Artie Shaw - One of jazz's finest clarinetists, Artie Shaw never seemed fully satisfied with his musical life, constantly breaking up successful bands and running away from success. Tommy Dorsey - Though he might have been ranked second at any given moment to Benny Goodman, Artie Shaw, Glenn Miller, or Harry James, Tommy Dorsey was overall the most popular bandleader of the swing era that lasted from 1935 to 1945. His remarkably melodic trombone playing was the signature sound of his orchestra, but he successfully straddled the hot and sweet styles of swing with a mix of ballads and novelty songs. Hiring Bing Crosby's younger brother Bob Crosby as their vocalist, they scored a Top Ten hit with "I Believe in Miracles" in the late winter of 1935, quickly followed by "Tiny Little Fingerprints" (vocal by Kay Weber) and "Night Wind" (vocal by Bob Crosby).
9 April 1932 recording with the Dorsey Brothers Orchestra: Tommy Dorsey (tbn), Jimmy Dorsey (cl, as), Babe Russin (ten), Martha Boswell (p, cel), Eddie Lang (g), Artie Bernstein (sb), Stan King (d), New York. Lyric adapted from heptune. com: When the dark night starts to falling And the moon starts to roll What is this thing that keeps calling It’s the South in my soul. Boswell Sisters with the Dorsey Brothers Orchestra - This is the released version, which is one of two recordings made during a 19 February 1932 session. Orchestra: Bunny Berigan, (tpt), Tommy Dorsey (tbn), Jimmy Dorsey (cl, as), Joe Venuti (vln), Arthur Schutt (p), Eddie Lang (g), Artie Bernstein (sb), Stan King (d), Glenn Miller (arr). Everybody Loves My Baby (Spencer Williams, Jack Palmer).
Benny Goodman, "The King of Swing", was the clarinetist composer responsible for multiple hit singles as a band leader before World War II. Synopsis. Benny Goodman, "The King of Swing", was the clarinetist composer responsible for multiple hit singles as a band leader before World War II. Goodman left school at 14 to join the American Federation of Musicians. In 1928, Goodman released his first album, A Jazz Holiday. He then left the band and moved to New York City the following year. Goodman found work playing on the radio, in recording sessions, and in the orchestras of Broadway shows. During his time there, he worked with such jazz legends as Fats Waller, Ted Lewis, and Bessie Smith. In 1931, Goodman had his first taste of chart success on his own with the song "He's Not Worth Your Tears" with Scrappy Lambert on vocals.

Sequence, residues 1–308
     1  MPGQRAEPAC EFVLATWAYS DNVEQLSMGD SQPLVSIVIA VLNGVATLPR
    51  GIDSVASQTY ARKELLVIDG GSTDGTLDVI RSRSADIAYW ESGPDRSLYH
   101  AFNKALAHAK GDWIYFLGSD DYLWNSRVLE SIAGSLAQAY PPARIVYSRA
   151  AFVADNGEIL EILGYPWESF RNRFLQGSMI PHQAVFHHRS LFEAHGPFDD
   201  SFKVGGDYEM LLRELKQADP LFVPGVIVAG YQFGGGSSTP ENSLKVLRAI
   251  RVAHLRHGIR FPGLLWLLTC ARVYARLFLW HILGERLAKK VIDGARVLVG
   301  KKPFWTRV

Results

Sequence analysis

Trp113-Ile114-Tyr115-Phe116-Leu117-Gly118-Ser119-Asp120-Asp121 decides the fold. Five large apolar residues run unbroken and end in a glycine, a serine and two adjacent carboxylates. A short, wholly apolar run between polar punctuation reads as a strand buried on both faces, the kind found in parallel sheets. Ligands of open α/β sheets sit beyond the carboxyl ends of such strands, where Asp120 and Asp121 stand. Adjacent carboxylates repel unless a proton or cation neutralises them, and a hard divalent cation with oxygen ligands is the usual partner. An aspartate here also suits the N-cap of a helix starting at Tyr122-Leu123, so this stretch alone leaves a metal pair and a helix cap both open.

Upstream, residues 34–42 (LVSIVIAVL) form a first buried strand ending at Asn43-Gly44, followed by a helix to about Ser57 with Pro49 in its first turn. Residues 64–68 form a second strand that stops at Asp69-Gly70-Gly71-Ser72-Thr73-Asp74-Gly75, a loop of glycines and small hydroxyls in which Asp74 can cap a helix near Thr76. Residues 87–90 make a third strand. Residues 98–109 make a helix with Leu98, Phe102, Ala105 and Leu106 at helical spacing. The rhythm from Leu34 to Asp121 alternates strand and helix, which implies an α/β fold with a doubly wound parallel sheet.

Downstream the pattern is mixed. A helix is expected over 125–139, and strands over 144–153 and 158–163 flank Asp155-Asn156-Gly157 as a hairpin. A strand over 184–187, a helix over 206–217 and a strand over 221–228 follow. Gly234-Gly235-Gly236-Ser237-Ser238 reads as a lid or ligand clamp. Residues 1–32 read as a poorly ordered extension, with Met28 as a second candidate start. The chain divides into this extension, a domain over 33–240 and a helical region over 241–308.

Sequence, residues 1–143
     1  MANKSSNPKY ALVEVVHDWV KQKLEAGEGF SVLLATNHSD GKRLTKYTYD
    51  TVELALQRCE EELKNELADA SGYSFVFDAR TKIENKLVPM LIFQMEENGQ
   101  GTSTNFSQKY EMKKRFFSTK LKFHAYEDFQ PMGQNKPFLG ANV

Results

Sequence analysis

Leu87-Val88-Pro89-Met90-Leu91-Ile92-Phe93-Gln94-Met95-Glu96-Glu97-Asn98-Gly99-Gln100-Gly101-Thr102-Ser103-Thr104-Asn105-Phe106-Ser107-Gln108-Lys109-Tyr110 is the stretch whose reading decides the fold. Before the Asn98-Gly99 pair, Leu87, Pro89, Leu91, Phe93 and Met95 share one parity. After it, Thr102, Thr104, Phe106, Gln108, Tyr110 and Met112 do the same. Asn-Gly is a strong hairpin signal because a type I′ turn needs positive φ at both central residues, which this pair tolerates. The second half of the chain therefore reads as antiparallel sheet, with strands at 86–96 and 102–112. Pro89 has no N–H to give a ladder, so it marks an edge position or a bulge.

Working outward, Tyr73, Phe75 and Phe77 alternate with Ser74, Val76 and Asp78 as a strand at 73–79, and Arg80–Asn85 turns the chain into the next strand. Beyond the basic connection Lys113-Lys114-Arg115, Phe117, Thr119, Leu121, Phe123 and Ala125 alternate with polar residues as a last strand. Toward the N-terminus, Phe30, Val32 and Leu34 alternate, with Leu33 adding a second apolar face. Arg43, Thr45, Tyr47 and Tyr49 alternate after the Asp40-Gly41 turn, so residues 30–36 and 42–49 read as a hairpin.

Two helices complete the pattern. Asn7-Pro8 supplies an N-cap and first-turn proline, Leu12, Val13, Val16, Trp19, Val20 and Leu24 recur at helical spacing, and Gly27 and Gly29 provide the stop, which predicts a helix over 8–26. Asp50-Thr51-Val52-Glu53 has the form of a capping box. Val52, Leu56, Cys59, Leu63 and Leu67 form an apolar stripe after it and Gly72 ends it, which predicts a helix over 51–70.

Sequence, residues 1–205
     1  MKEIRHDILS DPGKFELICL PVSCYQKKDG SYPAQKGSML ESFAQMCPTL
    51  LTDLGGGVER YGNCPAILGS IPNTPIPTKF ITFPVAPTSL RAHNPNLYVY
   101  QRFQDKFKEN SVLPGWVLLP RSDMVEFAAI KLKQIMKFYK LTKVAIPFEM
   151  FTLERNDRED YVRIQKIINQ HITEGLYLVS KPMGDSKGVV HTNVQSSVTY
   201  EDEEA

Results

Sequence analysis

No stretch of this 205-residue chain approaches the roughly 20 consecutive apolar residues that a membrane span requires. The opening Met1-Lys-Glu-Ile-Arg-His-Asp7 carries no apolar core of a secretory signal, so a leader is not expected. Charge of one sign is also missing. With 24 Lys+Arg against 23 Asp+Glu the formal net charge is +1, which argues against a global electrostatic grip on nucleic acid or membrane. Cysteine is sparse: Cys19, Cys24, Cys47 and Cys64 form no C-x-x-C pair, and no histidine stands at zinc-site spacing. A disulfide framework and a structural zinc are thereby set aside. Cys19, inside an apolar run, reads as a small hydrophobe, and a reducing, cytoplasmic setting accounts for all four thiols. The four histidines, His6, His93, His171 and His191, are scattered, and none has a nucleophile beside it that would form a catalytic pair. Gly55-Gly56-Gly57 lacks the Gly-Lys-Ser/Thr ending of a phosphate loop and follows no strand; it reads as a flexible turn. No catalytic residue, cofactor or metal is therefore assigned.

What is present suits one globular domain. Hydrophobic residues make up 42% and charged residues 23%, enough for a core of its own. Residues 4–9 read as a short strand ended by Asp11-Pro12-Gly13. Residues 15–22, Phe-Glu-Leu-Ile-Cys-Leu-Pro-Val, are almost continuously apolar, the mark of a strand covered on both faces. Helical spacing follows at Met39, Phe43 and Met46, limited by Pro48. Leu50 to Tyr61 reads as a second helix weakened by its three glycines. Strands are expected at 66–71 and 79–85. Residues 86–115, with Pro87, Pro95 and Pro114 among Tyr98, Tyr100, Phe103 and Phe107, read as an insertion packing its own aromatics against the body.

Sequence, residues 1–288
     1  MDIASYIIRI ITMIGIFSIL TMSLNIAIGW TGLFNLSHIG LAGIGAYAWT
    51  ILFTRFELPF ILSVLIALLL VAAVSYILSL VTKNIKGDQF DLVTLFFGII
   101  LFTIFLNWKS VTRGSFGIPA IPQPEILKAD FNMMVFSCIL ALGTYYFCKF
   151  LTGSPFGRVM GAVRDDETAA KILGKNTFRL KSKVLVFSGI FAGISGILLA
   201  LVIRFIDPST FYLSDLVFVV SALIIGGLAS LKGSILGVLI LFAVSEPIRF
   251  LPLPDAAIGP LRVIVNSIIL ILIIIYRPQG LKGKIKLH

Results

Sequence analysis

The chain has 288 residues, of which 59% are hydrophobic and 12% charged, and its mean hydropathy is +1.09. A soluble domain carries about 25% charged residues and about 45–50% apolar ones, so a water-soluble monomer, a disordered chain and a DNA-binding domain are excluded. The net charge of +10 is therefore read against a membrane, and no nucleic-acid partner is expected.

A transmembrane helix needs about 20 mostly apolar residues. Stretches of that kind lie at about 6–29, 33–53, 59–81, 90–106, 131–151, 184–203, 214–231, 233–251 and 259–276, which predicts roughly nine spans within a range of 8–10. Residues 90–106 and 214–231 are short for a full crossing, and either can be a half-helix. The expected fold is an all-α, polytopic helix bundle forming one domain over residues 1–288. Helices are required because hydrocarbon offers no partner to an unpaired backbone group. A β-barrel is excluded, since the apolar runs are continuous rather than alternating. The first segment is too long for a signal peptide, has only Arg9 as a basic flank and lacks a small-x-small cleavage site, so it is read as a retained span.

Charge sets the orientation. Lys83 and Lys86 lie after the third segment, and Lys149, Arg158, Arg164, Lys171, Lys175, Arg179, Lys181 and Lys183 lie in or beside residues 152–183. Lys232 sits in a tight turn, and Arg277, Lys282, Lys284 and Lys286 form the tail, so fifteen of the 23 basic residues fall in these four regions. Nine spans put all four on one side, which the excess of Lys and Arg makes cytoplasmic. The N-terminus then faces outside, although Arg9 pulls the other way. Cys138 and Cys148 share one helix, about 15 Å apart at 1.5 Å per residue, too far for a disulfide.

|1||–Duke Ellington||St.Louis Blues||4:29|
|2||–Duke Ellington||Creole Love Call (Previously Unissued)||4:10|
|3||–Fats Waller||Honeysuckle Rose||4:29|
|4||–Tommy Dorsey||Stop, Look And Listen||5:15|
|5||–Tommy Dorsey||Beale St. Blues||3:16|
|6||–Fats Waller||Blue Turning Grey Over You||4:22|
|7||–Benny Goodman||Sing, Sing, SIng (Part 1)||4:01|
|8||–Benny Goodman||Sing, Sing, Sing (Part 2)||4:37|
|9||–Bunny Berigan||I Can't Get Startet||4:46|
|10||–Bunny Berigan||The Prisoner's Song||4:12|
|11||–Bob Crosby||South Rampart Street Parade||3:31|
|12||–Bob Crosby||Dogtown Blues||4:07|
|13||–Artie Shaw||Concerto For Clarinet (Part1)||4:30|
|14||–Artie Shaw||Concerto For Clarinet (Part2)||4:53|
|15||–Bob Crosby||Chain Gang||4:14|
|16||–Bob Crosby||Ec Stacy||4:16|
NotesProduces and Compiled by Chris Ellis
Barcode and Other Identifiers
- Barcode: 608917905328